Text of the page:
My reluctant agreement with Obama

In political life you may have to agree with people with whom you would rather not. So it is with Obama’s proposals for net neutrality.

Common carriage is the plainest of doctrines: if you are are a carrier, you carry equivalent traffic at similar prices. The doctrine implies the existence of a regulator to determine what constitute reasonable discriminations and just preferences, and it implies that the carrier can exercize market power in the absence of sufficient competition.

Net neutrality is no more than the expression of the traditional concerns that motivated railways to be regulated in the 19th century and carriers in the 20th, to abate unjust discriminations, to prevent carrier X favouring company Y at the expense of company Z, particularly when the carrier has the means motive and opportunity to favour Netscape, say, over Google, or buy into one but not the other.

Only the Americans can screw up government so badly that net neutrality appears like Obamacare (according to Senator Ted Cruz). Yet, through the sloppiness of their legislative processes, and a bad decision by the FCC that may have seemed plausible at the time, the Americans have managed to put the Internet into jeopardy by placing underlying carriage in the wrong stovepipe.

Obama’s proposal to the FCC is that they place it in Title II (telecommunications). This would allow the FCC to regulate the underlying carriers of Internet traffic as if they were common carriers, as if they had duties of non-discrimination. If the President succeeds, and if the FCC accedes to his wishes, the United States will have arrived at where Canada has been since 2011.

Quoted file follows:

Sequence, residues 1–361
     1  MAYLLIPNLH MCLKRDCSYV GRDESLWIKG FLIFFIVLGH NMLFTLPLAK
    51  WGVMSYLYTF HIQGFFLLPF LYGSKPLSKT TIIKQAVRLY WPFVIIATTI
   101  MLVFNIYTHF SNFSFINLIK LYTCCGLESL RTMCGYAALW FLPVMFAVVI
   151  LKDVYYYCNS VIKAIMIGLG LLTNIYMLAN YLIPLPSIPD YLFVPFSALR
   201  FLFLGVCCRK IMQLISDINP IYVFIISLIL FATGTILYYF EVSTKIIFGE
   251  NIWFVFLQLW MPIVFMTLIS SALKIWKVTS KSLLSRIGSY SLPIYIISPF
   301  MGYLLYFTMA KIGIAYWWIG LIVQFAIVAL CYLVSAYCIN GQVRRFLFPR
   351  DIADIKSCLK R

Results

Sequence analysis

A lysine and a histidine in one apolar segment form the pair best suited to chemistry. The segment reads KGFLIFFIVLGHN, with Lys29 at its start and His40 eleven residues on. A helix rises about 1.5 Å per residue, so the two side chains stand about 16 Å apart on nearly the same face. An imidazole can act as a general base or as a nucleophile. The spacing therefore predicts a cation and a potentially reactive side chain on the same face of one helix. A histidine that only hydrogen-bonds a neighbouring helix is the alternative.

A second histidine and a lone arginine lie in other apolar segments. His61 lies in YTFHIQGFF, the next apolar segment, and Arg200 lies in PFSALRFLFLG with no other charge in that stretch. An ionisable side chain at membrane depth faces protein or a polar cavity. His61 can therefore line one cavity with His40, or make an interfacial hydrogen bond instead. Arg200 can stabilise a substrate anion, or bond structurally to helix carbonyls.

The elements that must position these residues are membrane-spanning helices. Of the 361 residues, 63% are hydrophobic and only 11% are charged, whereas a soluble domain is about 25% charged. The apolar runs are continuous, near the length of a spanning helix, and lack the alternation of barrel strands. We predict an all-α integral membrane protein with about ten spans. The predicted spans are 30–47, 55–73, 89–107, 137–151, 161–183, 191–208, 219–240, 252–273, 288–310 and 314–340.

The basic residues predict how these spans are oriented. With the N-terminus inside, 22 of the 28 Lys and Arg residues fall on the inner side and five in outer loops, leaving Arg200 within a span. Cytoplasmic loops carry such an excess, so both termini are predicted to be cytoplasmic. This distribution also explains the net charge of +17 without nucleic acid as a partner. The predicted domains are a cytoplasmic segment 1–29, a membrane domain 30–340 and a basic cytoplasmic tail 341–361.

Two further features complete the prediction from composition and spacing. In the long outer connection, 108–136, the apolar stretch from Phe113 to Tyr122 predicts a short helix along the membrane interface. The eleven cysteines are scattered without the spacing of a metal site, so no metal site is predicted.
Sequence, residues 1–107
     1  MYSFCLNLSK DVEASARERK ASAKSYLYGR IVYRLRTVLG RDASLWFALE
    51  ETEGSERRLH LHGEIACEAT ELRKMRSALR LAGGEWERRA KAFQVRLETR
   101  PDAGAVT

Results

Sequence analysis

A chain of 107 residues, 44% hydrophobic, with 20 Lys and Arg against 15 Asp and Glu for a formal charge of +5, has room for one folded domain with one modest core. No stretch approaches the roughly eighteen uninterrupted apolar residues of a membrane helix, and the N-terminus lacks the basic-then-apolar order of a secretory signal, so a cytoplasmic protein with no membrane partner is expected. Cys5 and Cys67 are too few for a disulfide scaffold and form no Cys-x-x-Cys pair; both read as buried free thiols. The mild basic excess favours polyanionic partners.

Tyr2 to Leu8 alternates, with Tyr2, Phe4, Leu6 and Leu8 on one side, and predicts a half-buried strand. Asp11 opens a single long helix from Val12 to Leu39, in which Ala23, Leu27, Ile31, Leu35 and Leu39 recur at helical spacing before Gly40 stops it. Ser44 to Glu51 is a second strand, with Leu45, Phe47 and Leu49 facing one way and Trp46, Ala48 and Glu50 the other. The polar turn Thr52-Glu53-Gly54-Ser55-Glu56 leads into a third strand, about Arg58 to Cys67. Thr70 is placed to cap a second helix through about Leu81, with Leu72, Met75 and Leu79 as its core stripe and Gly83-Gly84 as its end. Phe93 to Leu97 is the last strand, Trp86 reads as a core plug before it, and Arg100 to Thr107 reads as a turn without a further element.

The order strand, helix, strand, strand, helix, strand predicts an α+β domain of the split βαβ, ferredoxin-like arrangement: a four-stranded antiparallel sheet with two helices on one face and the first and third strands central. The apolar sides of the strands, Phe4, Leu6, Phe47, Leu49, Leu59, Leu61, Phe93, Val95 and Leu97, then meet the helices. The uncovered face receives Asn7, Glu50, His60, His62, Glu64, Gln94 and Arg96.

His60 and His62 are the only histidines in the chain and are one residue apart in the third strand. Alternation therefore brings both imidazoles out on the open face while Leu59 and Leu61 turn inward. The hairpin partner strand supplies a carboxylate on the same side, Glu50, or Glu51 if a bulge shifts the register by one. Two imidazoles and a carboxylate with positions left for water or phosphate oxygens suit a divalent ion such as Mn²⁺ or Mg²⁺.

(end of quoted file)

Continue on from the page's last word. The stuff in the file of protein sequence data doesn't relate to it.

I am generally inclined toward the Republicans in matters of foreign policy and management of the economy, but in telecommunications I find myself uncomfortably coalesced in the American left. You can have no idea how weird this feels, for me. The American tendency to see no harm in infinite appropriation of every public good by the private sector leaves me feeling, for want of a better word, quite Tory.

I was once sitting beside Larry Lessig at a conference, and Harold Feld (bearded, rabbinical, Democrat) was talking at the front of the room about the Internet as a creative commons, or some such communitarian fantasy. I turned to Lessig and said: “Larry, I am in deep doo-doo. I agree with this guy.” Without hesitation Lessig replied: “You have been in trouble for a long time now, Tim”. And so I have.

I do not think I should pay a toll to use a sidewalk, apart from my taxes. And I do not believe in special roadlanes for those who drive cars worth over $50,000. Some few things work better when their costs are collectivized. Other things work better when their prices are regulated. There exist collective action problems. and their existence refutes libertarianism. And if this displeases certain Confederates of telecommunications policy, call me a Yankee. See if I care.

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